A heat wave is broiling America's Southwest, where temperatures are expected to soar past 110 degrees in coming days. Before noon on Friday, temperatures in many parts of southeastern California, Nevada and Arizona had already topped 100 degrees.
An "excessive heat warning" was issued Friday by the National Weather Service, which blames the dangerously high temperatures on "a massive area of high pressure across the Western United States through Monday."
A few weeks ago, Alberto Baco Bague arrived in New York for a roadshow of sorts. In just 48 hours, Baco, Puerto Rico's secretary of economic development and commerce, met with more than 30 hedge fund managers, investors and others who could be classified as very well-off.
His mission might seem quixotic at best: trying to convince these well-heeled New Yorkers to uproot themselves from Manhattan and relocate to Puerto Rico. But he says they are starting to come.
It's emotional, high-stakes and dramatic. But the trial of reputed mobster James Whitey Bulger now ongoing in federal court in Boston, is not being recorded or televised, so the drama is harder to come by for anyone not inside the courtroom.
It's ALL THINGS CONSIDERED from NPR News. I'm Audie Cornish.
ROBERT SIEGEL, HOST:
And I'm Robert Siegel. Today, in the trial of George Zimmerman, a key witness bolstered Zimmerman's claim that he acted in self-defense when he killed teenager Trayvon Martin. The witness was a neighbor in the Sanford, Florida community where Zimmerman encountered Martin and he was the only person to see them fight before Zimmerman fired the gunshot that ended Martin's life.
From NPR News, this is ALL THINGS CONSIDERED. I'm Audie Cornish.
ROBERT SIEGEL, HOST:
And I'm Robert Siegel. The NBA season may have ended, but there is still a lot of pro basketball to talk about. The NBA draft took place last night with a real surprise choice leading things off, and there's a big trade in the news too. NPR's Mike Pesca is with us. Hi, Mike.
The Supreme Court struck down a key part of the 1965 Voting Rights Act this week. The court said that the standard by which it is determined that some states need preapproval for making changes to voting laws was unconstitutional. So what does it mean for the Department of Justice and states that were affected by the law? Audie Cornish speaks with Bill Yeomans, law professor at American University.
This City Life Snapshot brings us sound of an old fashioned technology for connecting our cities that's still operating in some parts of the country. We board a Pullman Rail Car that regularly makes the trip from Chicago to New Orleans thanks to the company, Pullman Rail Journeys. Head Steward Rick Hansen gives us a tour. This comes to us from Jennifer Brandel at member station WBEZ and the Localore project Curious City.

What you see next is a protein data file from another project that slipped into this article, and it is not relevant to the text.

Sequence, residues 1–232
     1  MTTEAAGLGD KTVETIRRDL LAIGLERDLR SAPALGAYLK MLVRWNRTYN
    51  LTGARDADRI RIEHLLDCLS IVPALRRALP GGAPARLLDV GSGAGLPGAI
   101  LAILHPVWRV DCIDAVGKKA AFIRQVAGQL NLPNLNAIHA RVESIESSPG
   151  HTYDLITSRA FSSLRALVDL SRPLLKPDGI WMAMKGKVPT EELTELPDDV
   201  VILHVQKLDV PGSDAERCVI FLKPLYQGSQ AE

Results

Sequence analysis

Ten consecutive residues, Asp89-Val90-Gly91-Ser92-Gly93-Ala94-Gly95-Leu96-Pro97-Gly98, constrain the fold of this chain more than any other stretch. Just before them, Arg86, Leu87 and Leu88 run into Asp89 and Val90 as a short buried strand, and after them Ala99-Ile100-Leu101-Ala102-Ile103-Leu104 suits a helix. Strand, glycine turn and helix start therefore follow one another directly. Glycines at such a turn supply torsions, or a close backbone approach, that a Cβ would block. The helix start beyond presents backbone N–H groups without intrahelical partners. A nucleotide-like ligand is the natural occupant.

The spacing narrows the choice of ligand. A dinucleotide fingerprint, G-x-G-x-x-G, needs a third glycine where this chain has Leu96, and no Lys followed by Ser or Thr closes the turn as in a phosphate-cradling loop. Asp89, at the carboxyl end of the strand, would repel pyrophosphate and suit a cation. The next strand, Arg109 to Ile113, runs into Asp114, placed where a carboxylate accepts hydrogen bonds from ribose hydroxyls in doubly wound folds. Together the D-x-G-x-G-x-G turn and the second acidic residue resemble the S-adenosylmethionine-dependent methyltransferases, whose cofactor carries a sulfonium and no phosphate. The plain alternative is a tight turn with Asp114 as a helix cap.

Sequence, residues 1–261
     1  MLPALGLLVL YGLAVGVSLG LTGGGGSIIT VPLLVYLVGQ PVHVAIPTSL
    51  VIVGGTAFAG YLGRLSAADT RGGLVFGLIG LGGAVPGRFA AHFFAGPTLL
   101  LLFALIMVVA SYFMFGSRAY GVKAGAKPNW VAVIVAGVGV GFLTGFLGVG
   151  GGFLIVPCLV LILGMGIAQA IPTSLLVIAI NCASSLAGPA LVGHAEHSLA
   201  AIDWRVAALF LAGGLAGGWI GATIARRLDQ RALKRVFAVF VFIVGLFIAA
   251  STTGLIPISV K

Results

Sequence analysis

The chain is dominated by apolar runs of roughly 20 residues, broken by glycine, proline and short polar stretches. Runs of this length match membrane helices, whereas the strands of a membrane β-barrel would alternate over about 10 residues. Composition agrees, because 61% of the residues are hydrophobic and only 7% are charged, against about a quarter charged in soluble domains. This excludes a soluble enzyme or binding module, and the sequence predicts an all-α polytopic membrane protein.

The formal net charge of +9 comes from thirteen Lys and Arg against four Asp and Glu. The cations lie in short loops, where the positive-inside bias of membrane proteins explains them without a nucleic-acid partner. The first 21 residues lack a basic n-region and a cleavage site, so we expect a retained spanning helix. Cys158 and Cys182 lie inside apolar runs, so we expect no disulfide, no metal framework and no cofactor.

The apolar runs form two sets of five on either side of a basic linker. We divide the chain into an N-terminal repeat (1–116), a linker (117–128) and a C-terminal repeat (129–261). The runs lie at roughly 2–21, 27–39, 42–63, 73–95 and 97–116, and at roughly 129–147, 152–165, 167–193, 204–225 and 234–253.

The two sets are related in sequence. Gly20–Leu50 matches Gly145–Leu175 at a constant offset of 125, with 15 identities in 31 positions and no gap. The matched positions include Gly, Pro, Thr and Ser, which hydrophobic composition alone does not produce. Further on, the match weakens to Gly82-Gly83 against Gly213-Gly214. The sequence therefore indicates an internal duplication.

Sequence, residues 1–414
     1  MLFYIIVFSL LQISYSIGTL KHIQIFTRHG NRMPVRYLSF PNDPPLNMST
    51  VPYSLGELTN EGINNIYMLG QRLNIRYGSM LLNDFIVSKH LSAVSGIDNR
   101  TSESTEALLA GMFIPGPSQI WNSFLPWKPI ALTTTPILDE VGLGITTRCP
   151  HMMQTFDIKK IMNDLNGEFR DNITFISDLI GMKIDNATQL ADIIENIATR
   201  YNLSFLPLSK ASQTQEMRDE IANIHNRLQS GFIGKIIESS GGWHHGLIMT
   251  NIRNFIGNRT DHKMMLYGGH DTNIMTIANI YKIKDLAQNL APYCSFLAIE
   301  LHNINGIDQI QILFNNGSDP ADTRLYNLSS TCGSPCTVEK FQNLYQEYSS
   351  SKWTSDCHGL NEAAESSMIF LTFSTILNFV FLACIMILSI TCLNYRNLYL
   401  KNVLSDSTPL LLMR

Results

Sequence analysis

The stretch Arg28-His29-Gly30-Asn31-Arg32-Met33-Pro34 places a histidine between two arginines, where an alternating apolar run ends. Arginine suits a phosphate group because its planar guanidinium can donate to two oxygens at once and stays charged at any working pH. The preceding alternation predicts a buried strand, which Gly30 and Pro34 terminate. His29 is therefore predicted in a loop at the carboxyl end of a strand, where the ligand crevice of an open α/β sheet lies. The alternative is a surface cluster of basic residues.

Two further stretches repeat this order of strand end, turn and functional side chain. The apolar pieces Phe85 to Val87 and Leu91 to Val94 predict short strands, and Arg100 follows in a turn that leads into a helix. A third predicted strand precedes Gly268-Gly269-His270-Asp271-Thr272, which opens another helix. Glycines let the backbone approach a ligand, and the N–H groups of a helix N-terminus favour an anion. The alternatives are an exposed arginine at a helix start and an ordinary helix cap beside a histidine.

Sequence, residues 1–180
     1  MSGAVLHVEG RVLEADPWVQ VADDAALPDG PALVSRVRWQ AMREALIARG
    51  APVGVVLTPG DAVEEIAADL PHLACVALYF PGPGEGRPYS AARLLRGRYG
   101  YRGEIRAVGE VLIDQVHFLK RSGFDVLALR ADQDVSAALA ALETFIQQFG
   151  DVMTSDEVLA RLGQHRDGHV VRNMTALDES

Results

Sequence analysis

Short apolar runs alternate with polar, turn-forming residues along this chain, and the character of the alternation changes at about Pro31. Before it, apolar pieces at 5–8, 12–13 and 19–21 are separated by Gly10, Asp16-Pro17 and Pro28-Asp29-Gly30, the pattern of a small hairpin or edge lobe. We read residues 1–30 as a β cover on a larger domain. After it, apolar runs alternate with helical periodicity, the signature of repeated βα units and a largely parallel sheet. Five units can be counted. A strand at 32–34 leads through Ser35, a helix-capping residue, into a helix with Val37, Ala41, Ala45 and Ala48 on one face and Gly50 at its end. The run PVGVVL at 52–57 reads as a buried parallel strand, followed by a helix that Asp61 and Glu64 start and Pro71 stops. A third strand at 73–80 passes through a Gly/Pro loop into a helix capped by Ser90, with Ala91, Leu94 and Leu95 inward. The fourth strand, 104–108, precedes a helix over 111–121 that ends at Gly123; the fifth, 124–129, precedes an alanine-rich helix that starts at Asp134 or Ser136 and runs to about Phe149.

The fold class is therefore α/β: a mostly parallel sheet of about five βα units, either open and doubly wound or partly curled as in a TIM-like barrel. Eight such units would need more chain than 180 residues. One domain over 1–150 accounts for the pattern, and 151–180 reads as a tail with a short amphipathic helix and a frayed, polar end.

Summer travel is in full swing, and that means crowded airports, flight delays and long security lines. To help calm weary travelers, some airports are turning to man's best friend.
San Jose's and Miami's international airports have therapy dog programs, and Los Angeles International Airport — ranked the second-most-stressful airport in the country last year — launched its own crew of comfort dogs this year.
This is SCIENCE FRIDAY, I'm Ira Flatow. President Obama announced a plan this week calling on the environmental protection agency to regulate how much carbon power plants are allowed to emit. He had tried and failed to get Congress to act on climate change from the very first days of his presidency. This week in a speech at Georgetown University, he announced it was time to take matters into his own hands.
This is SCIENCE FRIDAY, I'm Ira Flatow. Back in 2007, Congress funded, and the president signed into law, a new kind of research organization, the Advanced Research Projects Agency-Energy, or ARPA-E. You had heard of DARPA? This was ARPA-E. And its mission is to back energy technologies that are too risky for investors but offer a potentially huge payoff if they work.
Samuel Taylor was raised in a religious family. When he came out to his mother, Connie Casey, she sent him to a series of conversion therapy ministries affiliated with Exodus International, the Christian organization that folded this month and apologized to the gay community for trying to "correct" same-sex attraction.
Federal regulators are suing former MF Global Holdings CEO Jon Corzine, accusing him of not properly supervising the company that filed for bankruptcy back in 2011. The Commodity Futures Trading Commission says Corzine failed to keep money that belonged to the brokerage's customers from being used to cover MF Global's obligations.
Originally published on Fri June 28, 2013 11:10 am
Changing its story. Walking it back. Clarifying.
Whatever you call it, the IRS inspector general now has a different account of what investigators knew about the ideologies of the groups that underwent extra scrutiny as they sought tax-exempt status.